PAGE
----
• synonyms


noun Ecclesiastical.
  1. the fifth of the seven canonical hours, or the service for it, originally fixed for the ninth hour of the day (or 3 p.m.).
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Origin of nones1

1375–1425; late Middle English; plural of none2


noun (used with a singular or plural verb)
  1. (in the ancient Roman calendar) the ninth day before the ides, both days included: the seventh of March, May, July, and October, and the fifth of the other months.
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Origin of nones2

1375–1425; late Middle English; Anglicization of Latin nōnae, orig. feminine plural of nōnus ninth


  1. nones1.
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Origin of none2

1175–1225; Middle English; Old English nōn < Latin nōna (hōra) ninth (hour). See noon
Dictionary.com Unabridged Based on the Random House Unabridged Dictionary, © Random House, Inc. 2018

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British Dictionary definitions for nones


noun (functioning as singular or plural)
  1. (in the Roman calendar) the ninth day before the ides of each month: the seventh day of March, May, July, and October, and the fifth of each other monthSee also calends
  2. mainly RC Church the fifth of the seven canonical hours of the divine office, originally fixed at the ninth hour of the day, about 3 pm
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Word Origin

Old English nōn, from Latin nōna hora ninth hour, from nōnus ninth


  1. not any of a particular classnone of my letters has arrived
  2. no-one; nobodythere was none to tell the tale
  3. no part (of a whole); not any (of)none of it looks edible
  4. none other no other personnone other than the Queen herself
  5. none the (foll by a comparative adjective) in no degreeshe was none the worse for her ordeal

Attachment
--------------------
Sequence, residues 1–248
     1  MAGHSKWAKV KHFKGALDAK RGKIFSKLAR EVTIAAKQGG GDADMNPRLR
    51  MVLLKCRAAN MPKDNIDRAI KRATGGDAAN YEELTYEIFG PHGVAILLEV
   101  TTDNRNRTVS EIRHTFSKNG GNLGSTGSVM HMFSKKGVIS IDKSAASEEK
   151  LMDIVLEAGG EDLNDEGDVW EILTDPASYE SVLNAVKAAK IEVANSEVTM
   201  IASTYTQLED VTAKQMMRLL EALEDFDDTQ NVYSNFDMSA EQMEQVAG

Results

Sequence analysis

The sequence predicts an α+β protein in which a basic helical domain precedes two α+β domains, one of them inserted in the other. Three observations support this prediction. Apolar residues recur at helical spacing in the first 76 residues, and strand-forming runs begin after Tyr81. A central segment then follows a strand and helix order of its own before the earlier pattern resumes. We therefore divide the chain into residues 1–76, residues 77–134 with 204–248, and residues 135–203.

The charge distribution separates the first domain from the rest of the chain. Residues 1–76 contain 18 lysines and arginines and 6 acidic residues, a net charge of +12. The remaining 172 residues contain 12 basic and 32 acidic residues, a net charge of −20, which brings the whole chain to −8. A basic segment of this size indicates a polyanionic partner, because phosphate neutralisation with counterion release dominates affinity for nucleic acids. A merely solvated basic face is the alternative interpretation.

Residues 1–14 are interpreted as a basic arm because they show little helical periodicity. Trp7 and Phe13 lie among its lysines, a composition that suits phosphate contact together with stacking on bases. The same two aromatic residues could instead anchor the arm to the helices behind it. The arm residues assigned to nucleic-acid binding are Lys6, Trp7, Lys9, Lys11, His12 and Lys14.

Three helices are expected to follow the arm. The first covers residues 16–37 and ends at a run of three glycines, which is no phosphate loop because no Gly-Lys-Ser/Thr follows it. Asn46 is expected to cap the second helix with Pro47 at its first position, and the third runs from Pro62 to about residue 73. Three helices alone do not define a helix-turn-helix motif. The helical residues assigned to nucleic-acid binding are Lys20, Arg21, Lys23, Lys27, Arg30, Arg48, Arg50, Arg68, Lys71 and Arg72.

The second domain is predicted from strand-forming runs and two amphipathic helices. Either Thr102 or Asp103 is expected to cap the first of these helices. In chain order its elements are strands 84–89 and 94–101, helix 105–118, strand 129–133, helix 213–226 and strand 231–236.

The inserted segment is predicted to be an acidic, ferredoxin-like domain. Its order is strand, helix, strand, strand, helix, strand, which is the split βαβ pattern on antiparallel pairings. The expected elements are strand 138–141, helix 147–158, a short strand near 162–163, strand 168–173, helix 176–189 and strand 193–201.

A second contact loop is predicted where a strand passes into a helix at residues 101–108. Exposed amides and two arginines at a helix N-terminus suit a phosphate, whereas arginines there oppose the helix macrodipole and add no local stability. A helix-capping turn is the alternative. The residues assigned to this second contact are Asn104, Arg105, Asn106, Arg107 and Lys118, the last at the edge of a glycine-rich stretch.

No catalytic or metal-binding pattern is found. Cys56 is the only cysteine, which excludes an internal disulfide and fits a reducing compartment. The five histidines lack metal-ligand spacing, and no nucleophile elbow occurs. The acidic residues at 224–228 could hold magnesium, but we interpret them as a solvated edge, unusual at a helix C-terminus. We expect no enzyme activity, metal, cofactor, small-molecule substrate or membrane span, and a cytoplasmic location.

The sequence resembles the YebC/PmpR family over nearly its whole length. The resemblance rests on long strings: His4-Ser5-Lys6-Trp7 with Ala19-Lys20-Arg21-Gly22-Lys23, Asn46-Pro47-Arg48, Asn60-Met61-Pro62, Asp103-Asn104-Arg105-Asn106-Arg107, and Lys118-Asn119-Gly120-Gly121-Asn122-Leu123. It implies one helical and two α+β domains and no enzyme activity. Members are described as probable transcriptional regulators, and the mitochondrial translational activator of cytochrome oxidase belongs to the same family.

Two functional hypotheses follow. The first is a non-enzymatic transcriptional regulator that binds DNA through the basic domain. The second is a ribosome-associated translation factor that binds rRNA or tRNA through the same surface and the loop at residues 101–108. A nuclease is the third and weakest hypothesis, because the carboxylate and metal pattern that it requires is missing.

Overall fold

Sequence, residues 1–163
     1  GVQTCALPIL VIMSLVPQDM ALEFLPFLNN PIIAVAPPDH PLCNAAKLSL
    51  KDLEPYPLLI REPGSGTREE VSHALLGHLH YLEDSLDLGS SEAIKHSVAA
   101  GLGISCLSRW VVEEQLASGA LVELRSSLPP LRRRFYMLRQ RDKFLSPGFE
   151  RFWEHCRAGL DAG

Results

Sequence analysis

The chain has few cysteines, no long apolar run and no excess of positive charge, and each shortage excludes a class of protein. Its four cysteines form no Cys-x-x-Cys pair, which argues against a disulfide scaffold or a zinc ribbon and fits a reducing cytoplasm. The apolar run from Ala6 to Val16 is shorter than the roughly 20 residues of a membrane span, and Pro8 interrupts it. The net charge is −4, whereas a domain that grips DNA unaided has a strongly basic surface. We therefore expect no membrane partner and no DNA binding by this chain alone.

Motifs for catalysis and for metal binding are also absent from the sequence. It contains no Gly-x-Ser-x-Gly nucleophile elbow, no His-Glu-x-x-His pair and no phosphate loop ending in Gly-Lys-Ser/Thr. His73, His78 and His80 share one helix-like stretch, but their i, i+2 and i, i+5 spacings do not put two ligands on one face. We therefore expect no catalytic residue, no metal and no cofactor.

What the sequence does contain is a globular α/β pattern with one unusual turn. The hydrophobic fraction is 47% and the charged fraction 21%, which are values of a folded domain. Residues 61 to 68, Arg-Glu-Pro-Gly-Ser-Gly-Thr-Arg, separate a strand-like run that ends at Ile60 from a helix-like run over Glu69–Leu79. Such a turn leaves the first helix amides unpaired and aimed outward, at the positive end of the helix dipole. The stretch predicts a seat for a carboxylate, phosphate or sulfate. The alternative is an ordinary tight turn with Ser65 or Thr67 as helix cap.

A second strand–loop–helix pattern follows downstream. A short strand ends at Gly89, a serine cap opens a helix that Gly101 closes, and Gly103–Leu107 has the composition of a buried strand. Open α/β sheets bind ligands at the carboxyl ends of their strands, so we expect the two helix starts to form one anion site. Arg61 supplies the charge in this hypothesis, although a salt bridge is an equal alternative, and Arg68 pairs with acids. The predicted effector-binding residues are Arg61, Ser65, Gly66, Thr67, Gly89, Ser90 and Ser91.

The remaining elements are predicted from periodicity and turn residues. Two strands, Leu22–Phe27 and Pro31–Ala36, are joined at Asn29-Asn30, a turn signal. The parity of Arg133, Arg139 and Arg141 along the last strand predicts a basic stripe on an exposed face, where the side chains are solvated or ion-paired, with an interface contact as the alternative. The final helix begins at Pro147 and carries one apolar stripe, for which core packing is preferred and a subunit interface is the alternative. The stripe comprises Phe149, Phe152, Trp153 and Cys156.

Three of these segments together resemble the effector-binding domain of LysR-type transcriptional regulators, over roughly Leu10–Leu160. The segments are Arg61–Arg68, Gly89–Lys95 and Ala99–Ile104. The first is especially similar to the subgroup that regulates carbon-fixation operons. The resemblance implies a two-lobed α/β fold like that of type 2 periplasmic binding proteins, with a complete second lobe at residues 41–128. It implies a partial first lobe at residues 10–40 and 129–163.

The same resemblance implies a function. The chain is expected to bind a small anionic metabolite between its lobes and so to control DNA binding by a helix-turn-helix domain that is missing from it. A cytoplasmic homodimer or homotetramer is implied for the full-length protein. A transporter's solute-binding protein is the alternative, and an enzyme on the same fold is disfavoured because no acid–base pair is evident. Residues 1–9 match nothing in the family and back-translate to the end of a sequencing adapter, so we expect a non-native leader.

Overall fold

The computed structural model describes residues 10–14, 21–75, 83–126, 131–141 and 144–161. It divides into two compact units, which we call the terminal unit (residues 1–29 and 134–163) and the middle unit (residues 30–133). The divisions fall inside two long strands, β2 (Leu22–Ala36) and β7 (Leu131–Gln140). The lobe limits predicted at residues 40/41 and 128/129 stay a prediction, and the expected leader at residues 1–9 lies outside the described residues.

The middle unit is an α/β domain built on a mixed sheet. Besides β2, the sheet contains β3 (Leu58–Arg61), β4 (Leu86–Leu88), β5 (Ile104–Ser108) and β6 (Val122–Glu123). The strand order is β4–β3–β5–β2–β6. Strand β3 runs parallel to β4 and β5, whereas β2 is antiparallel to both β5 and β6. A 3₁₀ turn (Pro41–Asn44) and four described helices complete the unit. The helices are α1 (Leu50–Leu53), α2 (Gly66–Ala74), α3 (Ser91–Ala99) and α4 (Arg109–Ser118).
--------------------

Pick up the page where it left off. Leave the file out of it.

6. none too not veryhe was none too pleased with his car
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Word Origin

Old English nān, literally: not one


None is a singular pronoun and should be used with a singular form of a verb: none of the students has (not have) a car


  1. another word for nones
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Collins English Dictionary - Complete & Unabridged 2012 Digital Edition © William Collins Sons & Co. Ltd. 1979, 1986 © HarperCollins Publishers 1998, 2000, 2003, 2005, 2006, 2007, 2009, 2012

Word Origin and History for nones


early 15c., in reference to the Roman calendar, "ninth day (by inclusive reckoning) before the ides of each month" (7th of March, May, July, October, 5th of other months), from Latin nonæ (accusative nonas), fem. plural of nonus "ninth." Ecclesiastical sense of "daily office said originally at the ninth hour of the day" is from 1709; originally fixed at ninth hour from sunrise, hence about 3 p.m. (now usually somewhat earlier), from Latin nona (hora) "ninth (hour)," from fem. plural of nonus "ninth," contracted from *novenos, from novem "nine" (see nine). Also used in a sense of "midday" (see noon).

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Old English nan (pron.) "not one, not any," from ne "not" (see no) + an "one" (see one). Cognate with Old Saxon, Middle Low German nen, Old Norse neinn, Middle Dutch, Dutch neen, Old High German, German nein "no," and analogous to Latin non- (see non-). As an adverb from c.1200. As an adjective, since c.1600 reduced to no except in a few archaic phrases, especially before vowels, such as none other, none the worse.

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Online Etymology Dictionary, © 2010 Douglas Harper

Idioms and Phrases with nones


In addition to the idioms beginning with none

  • none of one's business
  • none of the above
  • none other than
  • none the wiser
  • none the worse for
  • none too

also see:

  • all (none) of the above
  • bar none
  • not have it (have none of)
  • second to none
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The American Heritage® Idioms Dictionary Copyright © 2002, 2001, 1995 by Houghton Mifflin Harcourt Publishing Company. Published by Houghton Mifflin Harcourt Publishing Company.